After a long loooong wait for a new studio album from one of rock's coolest characters, I was delighted to find The Unfairground at my local HMV. Got home, sat back, glass of fine (well decent enough) Bordeaux at hand and started to listen.

Hmmm. First time through, I must confess to mild disappointment, not the least of which was the whole shebang lasting just over half an hour! This wasn't an instant classic like Dr. Dream or Whatevershebrings. A few definitely catchy tunes in there though. Next listen, a day or so later, after work and I found myself foot-tapping and humming along, not to mention spotting some evocative hat-tips to Kevin's earlier work (that IS the craftily twisted riff, semi-reprised from irreversible Neural Damage, isn't it?). By the third listen, I was singing along with gusto (much to my lady's horror). This is definitely a grower! It's going in the car next, where my dulcet tones and enthusiastic steering-wheel tapping will annoy no-one.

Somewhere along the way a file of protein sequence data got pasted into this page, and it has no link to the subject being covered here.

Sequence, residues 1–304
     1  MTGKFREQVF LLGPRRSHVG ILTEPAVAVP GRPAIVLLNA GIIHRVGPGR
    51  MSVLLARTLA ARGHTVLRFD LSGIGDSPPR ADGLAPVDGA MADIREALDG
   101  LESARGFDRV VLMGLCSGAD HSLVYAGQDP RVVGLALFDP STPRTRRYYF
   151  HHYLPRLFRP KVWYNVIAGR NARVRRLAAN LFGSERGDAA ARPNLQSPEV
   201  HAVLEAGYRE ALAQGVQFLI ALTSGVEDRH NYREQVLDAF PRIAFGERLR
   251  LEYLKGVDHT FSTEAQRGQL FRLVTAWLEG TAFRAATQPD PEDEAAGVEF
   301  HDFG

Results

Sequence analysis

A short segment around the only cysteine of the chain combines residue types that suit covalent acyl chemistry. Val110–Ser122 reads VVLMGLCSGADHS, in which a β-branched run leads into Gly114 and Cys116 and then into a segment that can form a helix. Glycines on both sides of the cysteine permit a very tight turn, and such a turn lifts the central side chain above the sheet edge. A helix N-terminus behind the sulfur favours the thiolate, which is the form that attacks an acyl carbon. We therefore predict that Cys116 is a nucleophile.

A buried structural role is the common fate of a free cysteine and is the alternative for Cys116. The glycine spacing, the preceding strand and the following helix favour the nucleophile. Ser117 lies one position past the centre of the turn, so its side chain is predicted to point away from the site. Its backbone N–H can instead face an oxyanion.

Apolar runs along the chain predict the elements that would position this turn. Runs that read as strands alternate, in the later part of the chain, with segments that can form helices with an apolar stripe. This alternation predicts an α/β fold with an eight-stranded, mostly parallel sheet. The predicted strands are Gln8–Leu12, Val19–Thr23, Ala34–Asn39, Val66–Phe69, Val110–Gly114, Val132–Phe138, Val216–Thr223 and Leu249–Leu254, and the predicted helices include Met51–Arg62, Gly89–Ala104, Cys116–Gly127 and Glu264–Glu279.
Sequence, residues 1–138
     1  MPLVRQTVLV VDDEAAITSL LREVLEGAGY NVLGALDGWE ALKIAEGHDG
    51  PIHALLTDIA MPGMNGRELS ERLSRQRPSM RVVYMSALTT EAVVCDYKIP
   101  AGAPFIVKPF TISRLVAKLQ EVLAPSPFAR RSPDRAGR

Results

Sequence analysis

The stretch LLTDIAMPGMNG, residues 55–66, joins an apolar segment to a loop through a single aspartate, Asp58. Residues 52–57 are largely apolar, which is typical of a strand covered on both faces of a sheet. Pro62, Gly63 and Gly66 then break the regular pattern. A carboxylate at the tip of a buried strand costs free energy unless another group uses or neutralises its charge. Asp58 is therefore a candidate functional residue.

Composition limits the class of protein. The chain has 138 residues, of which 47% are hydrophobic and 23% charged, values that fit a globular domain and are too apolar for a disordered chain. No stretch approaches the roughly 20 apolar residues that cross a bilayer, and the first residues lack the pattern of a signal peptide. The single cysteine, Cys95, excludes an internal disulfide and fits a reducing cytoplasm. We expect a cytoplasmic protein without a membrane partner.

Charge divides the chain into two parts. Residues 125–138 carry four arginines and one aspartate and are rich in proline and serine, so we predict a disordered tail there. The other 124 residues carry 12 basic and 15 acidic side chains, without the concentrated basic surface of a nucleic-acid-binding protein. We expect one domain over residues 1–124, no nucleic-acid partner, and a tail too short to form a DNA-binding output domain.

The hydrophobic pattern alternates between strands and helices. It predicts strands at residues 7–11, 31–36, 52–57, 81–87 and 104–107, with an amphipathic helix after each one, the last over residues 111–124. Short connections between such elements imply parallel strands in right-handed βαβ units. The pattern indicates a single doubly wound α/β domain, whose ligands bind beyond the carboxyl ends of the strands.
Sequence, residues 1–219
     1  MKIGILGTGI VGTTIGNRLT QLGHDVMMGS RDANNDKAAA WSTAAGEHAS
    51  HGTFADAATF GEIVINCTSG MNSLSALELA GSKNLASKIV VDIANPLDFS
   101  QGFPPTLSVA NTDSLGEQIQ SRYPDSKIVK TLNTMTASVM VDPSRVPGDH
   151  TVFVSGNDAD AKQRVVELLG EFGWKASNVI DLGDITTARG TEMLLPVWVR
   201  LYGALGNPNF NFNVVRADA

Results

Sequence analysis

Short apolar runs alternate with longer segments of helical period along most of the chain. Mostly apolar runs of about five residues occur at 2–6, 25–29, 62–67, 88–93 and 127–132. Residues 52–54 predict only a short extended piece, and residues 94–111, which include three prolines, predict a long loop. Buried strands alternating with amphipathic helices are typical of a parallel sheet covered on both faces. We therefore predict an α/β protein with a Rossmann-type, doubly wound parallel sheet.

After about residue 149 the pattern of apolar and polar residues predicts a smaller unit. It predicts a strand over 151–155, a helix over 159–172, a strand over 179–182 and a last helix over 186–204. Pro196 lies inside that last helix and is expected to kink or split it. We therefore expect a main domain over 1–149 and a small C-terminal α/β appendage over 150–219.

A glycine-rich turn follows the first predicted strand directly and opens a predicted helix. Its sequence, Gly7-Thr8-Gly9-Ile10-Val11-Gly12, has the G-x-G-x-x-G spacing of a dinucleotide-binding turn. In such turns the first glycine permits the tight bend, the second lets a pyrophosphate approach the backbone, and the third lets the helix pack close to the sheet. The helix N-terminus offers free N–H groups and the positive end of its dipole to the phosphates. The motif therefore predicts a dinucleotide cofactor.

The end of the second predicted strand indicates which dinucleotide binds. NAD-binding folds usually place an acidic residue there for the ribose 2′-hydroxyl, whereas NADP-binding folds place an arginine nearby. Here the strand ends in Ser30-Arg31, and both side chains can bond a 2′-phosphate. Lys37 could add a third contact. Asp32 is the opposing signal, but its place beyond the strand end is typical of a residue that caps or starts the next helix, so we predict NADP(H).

Would have liked a bit more - especially one epic track, rather than lots of shorties. They are goodies though. Mr Ayers has matured like far finer wine than I can afford!
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5 of 5 people found the following review helpful
on 28 February 2013
My first memories of Kevin Ayers are as a support act to Jimi Hendrix on their first American tour with Ayer's group Soft Machine.
It was so haunting to hear Kevin Ayers sing in his deep low voice the song from Soft Machine's first album "Why Are We Sleeping"
When Kevin came up to the microphone for a sound check he shouted "TESTICLES". Like the Beatles Kevin,Robert Wyatt and Michael Ratledege tempered each other musically.Kevin had a low voice,Robert had a high voice and harmonised together divinely.Michael Ratledege gave their music a real edge.They were a profound life changing experience to see live with their psychedelic light show!
Individually they all made profound music... but like a child that never wants his parents to divorce, I always wanted the original Soft Machine to reform.